Our best friends have two boys who are a few years older than our kids - 11 and 9. Well, technically I guess they are 11 1/2 and 9 1/2, since both have birthdays in April.
They stopped by this afternoon to bid farewell and wish us a Merry Christmas as they headed out to their week-long family Christmas a few hours away. Their oldest wandered in decked out in headphones, listening to something on his ipod. When it was time for them to go, their dad had to get his attention because, with his music playing, he didn't hear what was being said. The father made a comment along the lines of, "Yep, he's a teen."
No. No, he's not. Not quite. But his parents often refer to him that way, and I have to say, it drives me crazy.
He is on the threshold of that transition into the teenage years, standing on the brink of puberty. He's getting really tall, his shoes are almost as big as his dad's and he has his moments of "teen-ish" behavior.
But he still comes over and has nerf battles with my boys. He still builds things out of Legos and plays elaborate games of pretend. He still plays. I love that about him, and at 11 years old, he should.
I know that he's going to change. That there will come a time when he stops coming over to play with my boys, in favor of other things. There will come a time when girls aren't icky (they are firmly in the gross category, as are any movies or TV shows with kissing... ewwww!). There will come a time, all too soon, when he's moved beyond young childhood and entered the realm of his teenage years. I don't begrudge him that, nor am I in denial that he's getting older.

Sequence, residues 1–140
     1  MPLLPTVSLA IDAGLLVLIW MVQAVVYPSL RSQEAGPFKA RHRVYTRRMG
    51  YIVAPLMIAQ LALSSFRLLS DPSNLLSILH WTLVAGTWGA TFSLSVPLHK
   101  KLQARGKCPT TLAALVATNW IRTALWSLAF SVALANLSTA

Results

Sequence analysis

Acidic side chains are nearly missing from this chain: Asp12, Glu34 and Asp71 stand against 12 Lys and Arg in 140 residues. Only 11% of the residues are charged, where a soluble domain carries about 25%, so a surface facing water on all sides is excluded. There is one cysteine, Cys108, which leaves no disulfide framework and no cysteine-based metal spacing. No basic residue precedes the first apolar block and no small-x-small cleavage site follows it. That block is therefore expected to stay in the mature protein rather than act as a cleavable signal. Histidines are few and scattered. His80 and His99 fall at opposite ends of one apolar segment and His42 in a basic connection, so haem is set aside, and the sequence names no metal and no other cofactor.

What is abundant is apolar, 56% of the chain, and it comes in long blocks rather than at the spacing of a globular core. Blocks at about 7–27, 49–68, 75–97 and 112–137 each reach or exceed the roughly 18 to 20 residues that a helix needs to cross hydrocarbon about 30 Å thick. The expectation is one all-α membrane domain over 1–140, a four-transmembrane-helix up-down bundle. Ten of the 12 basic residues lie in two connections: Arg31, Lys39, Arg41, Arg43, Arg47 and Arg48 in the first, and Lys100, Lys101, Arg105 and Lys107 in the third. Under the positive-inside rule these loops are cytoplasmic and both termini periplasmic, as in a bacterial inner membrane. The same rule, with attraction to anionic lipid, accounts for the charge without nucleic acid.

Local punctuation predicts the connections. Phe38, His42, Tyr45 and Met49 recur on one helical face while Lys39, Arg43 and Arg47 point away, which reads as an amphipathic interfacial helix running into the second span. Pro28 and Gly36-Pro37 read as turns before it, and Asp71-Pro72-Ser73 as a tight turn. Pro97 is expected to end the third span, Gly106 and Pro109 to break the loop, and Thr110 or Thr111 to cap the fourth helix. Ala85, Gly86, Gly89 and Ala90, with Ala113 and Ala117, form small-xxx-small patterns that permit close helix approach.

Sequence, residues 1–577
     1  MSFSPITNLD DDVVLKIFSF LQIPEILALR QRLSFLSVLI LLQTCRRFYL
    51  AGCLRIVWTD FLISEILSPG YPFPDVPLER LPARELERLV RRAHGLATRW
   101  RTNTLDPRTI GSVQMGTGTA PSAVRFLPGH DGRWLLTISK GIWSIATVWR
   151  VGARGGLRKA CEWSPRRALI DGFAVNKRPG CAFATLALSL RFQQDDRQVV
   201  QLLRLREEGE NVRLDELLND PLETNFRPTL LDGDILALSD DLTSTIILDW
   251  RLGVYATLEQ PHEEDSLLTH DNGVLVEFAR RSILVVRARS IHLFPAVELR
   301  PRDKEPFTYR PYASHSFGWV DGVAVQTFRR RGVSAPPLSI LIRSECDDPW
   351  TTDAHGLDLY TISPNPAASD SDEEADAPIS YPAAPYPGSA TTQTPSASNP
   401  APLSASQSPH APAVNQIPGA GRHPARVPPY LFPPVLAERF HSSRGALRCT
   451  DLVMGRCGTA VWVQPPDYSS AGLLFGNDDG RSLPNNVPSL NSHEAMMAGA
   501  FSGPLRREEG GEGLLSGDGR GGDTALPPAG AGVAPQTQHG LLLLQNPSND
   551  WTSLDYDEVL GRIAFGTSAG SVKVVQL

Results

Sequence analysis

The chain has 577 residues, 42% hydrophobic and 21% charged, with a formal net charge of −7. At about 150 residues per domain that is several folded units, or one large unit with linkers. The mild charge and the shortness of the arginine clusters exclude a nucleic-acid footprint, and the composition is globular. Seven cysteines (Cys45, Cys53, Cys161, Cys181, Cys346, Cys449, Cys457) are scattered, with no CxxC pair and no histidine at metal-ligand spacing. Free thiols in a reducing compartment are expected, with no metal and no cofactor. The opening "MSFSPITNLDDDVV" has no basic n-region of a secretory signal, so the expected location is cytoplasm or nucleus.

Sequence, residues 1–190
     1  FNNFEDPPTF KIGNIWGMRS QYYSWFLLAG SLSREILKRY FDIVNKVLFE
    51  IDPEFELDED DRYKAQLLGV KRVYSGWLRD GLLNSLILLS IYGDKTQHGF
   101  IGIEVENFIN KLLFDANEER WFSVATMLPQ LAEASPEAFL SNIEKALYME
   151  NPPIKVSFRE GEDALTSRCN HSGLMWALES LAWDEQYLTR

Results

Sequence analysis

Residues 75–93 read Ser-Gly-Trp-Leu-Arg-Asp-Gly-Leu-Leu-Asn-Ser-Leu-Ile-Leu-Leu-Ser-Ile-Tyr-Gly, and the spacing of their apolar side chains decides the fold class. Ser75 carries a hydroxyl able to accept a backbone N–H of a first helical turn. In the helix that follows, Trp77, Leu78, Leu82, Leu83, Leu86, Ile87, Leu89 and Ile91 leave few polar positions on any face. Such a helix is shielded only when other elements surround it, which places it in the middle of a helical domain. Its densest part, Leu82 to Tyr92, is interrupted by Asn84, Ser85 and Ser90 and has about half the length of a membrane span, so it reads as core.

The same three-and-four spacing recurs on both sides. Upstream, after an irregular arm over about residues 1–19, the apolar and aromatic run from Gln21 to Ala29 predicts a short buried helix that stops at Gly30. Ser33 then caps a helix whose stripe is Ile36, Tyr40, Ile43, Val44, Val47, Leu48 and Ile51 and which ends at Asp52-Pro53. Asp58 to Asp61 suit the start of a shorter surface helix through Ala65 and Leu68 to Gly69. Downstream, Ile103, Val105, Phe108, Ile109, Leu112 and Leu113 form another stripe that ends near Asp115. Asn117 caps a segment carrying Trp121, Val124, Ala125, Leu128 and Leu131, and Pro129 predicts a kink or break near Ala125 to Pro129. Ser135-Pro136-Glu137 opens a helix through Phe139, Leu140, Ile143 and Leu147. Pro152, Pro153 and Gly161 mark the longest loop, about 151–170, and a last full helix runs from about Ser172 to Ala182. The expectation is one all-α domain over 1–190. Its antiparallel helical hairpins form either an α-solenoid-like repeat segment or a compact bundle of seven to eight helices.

What bothers me is how often his parents, and I see other parents doing this too, how often they skip ahead in their language. They speak of him as if he's already 13 years old and sulking in a corner with his headphones, unreachable in his teenage angst. He's not. He's happy and fun and sociable and still so, so young. He's such a child and I fear that they are missing out on that; they're missing the last months of this phase of childhood in their eagerness for him to grow up.
Granted, as parents it is all too easy to succumb to that sentiment. We want to see our babies roll over, we encourage them to crawl, and we celebrate when they walk and say their first words. We delight in their growth, in their accomplishments and new skills. This doesn't end as they leave the baby and toddler years behind. We love to watch them learn and grow and try new things. All of that is wonderful, but there's a line that is crossed when the parents seem all too eager to jump ahead and place their child in the next phase before they are truly there.
A passing comment about him being a "teen" isn't the only thing that has prompted my musings on this topic. They, and other friends of mine, have said things that make me think they are watching their kids' childhoods go by with a sort of checklist, checking off the time and almost looking forward to its end. I doubt they would see it that way if confronted with the idea, but things they say still leave me with such an impression.
I guess I just don't know why people want to round up when it comes to their kids ages and stages. It gives the impression of being in a hurry to get this child-rearing business done, and that makes me a little sad. Enjoy each stage of their life for what it is and let it pass in its own time; they will be grown and gone all too soon.